Small Fruit Fly

Small fruit flies get their name because of their fondness for fruits as breeding and development sites. They’re also called vinegar flies, sour flies, pomace flies, mop flies, etc.

Nesting Habits

Newly emerged adults are attracted to lights. Adults tend to hover in small circles, while some species spend most of their time sitting on vertical surfaces.

Because of their small size, they are able to penetrate ordinary window screens.


A nuisance pest, but may be a health hazard as a carrier of pathogenic bacteria.

Adults measure 1/8 of an inch (3-4 millimeters) long, including wings. Dull tan to brownish yellow or brownish black; eyes are bright red, but may be very dark red-brown.

Throughout North America.

Overripe fresh fruits and vegetables, especially those fermenting, as well as decaying matter often found in poorly cleaned drains.

Their enormous potential to reproduce is especially apparent when a location has an abundance of optimal areas for breeding. Even more troublesome, their short life span allows them to exploit temporarily available developmental sites, such as sour mop and broom heads, fruit under a table or counter, beer or wine residue, spilled cider and juices, etc.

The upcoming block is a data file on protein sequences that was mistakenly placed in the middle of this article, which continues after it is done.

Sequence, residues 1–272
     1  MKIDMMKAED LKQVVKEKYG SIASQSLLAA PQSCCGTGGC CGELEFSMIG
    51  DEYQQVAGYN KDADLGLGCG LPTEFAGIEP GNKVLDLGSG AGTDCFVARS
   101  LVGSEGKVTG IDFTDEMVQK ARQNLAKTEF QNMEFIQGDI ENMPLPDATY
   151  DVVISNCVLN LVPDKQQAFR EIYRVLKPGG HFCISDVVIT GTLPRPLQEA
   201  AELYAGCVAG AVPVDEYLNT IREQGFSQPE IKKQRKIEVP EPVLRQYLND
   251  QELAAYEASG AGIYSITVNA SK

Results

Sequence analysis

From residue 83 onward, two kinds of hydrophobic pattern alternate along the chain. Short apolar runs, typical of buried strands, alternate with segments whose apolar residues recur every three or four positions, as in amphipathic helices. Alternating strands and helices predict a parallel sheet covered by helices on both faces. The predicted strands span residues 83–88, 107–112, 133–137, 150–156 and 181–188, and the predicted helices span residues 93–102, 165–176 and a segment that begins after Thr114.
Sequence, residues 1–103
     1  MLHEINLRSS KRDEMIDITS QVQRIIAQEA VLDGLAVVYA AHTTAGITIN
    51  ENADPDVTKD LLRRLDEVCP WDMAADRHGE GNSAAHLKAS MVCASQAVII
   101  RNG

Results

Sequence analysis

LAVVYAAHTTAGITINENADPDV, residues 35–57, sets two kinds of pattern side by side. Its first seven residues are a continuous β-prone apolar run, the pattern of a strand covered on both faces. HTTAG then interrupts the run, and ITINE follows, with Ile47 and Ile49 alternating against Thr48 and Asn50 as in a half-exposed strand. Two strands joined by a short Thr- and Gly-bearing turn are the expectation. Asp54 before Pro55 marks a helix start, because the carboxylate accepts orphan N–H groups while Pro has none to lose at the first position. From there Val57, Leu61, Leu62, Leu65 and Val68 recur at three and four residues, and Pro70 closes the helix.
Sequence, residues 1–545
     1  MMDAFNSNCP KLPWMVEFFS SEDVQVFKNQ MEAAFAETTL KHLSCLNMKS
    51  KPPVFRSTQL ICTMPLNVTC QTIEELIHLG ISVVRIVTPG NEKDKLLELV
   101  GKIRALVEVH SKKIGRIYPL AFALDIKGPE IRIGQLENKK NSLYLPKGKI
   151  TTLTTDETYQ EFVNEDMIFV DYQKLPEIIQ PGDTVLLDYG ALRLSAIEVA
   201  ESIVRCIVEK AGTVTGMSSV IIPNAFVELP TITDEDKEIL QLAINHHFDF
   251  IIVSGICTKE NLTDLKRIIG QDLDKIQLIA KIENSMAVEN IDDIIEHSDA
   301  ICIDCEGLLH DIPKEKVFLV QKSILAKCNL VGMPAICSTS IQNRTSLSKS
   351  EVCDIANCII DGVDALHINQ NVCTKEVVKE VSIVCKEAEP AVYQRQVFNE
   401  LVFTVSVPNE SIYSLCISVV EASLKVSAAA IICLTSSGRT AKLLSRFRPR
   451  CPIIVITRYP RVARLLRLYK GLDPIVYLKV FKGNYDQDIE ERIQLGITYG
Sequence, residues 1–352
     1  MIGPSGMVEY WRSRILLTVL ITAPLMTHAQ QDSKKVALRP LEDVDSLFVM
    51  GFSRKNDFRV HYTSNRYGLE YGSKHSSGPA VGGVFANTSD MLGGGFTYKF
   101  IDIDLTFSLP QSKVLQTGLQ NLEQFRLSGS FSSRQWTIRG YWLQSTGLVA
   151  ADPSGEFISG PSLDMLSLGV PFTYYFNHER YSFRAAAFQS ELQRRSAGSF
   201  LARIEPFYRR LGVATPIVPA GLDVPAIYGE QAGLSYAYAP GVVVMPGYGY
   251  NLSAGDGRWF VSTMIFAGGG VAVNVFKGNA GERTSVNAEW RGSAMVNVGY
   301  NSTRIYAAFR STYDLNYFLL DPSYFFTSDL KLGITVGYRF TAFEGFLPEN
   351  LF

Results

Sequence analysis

Dishwater and mop water loaded with food particles can also serve as an ideal breeding location, as well as damaged seals on dishwashers and imperfect floor tile grouting.

Once laid, eggs hatch within 30 hours. The larvae spend the next five to six days developing and feeding primarily on yeast expelled from fermenting materials. The larvae will then move to drier areas for pupating.

Once an adult, they will mate within two days, completing the adult life cycle within seven to 10 days, depending on temperature.

Small fruit flies are a challenge to eliminate because of how quickly and easily they can multiply.